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assessment of mars atmospheric temperature retrievals from the thermal emission spectrometer radiancesMotivated by the needs of Mars data assimilation. particularly quantification of measurement errors and generation of averaging kernels. we have evaluated atmospheric temperature retrievals from Mars Global Surveyor (MGS) Thermal Emission Spectrometer (TES) radiances. Multiple sets of retrievals have been considered in this study; (1) retrievals available from the Planetary Data System (PDS), (2) retrievals based on variants of the retrieval algorithm used to generate the PDS retrievals, and (3) retrievals produced using the Mars 1-Dimensional Retrieval (M1R) algorithm based on the Optimal Spectral Sampling (OSS ) forward model. The retrieved temperature profiles are compared to the MGS Radio Science (RS) temperature profiles. For the samples tested, the M1R temperature profiles can be made to agree within 2 K with the RS temperature profiles, but only after tuning the prior and error statistics. Use of a global prior that does not take into account the seasonal dependence leads errors of up 6 K. In polar samples. errors relative to the RS temperature profiles are even larger. In these samples, the PDS temperature profiles also exhibit a poor fit with RS temperatures. This fit is worse than reported in previous studies, indicating that the lack of fit is due to a bias correction to TES radiances implemented after 2004. To explain the differences between the PDS and Ml R temperatures, the algorithms are compared directly, with the OSS forward model inserted into the PDS algorithm. Factors such as the filtering parameter, the use of linear versus nonlinear constrained inversion, and the choice of the forward model, are found to contribute heavily to the differences in the temperature profiles retrieved in the polar regions, resulting in uncertainties of up to 6 K. Even outside the poles, changes in the a priori statistics result in different profile shapes which all fit the radiances within the specified error. The importance of the a priori statistics prevents reliable global retrievals based a single a priori and strongly implies that a robust science analysis must instead rely on retrievals employing localized a priori information, for example from an ensemble based data assimilation system such as the Local Ensemble Transform Kalman Filter (LETKF).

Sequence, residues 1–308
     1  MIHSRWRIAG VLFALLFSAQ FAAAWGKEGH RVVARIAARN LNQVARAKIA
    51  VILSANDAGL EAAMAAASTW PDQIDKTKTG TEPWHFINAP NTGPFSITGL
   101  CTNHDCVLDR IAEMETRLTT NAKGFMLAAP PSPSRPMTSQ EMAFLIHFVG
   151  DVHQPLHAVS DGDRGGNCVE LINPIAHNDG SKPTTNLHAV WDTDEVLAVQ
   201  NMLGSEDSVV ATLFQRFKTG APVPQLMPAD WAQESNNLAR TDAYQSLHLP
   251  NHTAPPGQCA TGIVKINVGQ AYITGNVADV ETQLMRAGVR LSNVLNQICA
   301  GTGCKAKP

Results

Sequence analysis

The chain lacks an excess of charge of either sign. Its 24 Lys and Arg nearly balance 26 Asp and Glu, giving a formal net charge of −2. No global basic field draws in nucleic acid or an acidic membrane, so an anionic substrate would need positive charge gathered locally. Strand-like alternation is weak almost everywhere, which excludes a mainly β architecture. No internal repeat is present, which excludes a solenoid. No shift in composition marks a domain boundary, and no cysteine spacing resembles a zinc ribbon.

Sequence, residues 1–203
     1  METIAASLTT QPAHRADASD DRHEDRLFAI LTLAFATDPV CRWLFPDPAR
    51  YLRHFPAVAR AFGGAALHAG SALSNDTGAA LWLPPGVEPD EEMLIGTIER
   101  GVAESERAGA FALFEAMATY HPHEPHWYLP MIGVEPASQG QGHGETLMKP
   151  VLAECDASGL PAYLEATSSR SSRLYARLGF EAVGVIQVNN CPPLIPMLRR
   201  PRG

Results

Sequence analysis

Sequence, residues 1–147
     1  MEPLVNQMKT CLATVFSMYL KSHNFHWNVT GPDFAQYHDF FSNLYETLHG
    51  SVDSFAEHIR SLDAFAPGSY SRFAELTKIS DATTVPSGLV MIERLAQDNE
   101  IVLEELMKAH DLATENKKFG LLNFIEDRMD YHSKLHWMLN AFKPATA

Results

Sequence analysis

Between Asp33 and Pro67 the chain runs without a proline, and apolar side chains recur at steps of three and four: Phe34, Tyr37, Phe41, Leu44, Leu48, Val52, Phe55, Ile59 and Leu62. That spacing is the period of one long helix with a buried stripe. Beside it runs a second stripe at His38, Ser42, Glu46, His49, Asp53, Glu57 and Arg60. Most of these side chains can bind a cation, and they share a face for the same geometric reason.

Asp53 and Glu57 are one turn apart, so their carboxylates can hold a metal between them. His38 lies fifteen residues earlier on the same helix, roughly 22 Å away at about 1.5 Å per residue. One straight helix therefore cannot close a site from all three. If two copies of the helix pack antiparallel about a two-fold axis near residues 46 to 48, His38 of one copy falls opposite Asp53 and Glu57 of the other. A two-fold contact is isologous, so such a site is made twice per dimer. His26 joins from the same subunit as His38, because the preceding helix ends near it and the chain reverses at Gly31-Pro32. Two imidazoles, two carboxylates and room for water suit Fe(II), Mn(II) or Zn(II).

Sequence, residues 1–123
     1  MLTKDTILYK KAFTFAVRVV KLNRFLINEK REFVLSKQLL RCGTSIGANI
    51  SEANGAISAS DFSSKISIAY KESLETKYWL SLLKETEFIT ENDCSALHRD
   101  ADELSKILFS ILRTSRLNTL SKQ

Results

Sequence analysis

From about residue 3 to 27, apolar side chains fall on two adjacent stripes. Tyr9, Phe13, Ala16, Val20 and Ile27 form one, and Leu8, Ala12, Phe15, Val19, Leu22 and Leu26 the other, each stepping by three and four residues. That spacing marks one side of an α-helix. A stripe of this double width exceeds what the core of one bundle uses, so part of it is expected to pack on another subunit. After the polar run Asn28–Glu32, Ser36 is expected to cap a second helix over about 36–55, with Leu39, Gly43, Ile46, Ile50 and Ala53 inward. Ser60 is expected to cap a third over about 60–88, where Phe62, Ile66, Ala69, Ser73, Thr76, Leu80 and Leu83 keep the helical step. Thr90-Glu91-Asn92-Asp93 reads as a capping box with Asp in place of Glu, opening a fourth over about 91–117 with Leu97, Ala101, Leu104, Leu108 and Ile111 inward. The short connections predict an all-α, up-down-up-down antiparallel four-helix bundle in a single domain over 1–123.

Document ID
20120013308
Document Type
Reprint (Version printed in journal)
Authors
Hoffman, Matthew J.
(Rochester Inst. of Tech. NY, United States)
Eluszkiewicz, Janusz
(Atmospheric and Environmental Research, Inc. Lexington, MA, United States)
Weisenstein, Deborah
(Atmospheric and Environmental Research, Inc. Lexington, MA, United States)
Uymin, Gennady
(Atmospheric and Environmental Research, Inc. Lexington, MA, United States)
Moncet, Jean-Luc
(Atmospheric and Environmental Research, Inc. Lexington, MA, United States)
Date Acquired
August 26, 2013
Publication Date
July 1, 2012
Publication Information
Publication: Icarus
Volume: 220
Issue: 2
ISSN: 0019-1035
Subject Category
Lunar and Planetary Science and Exploration
Funding Number(s)
CONTRACT_GRANT: NNH09CF94C
Distribution Limits
Public
Copyright
Other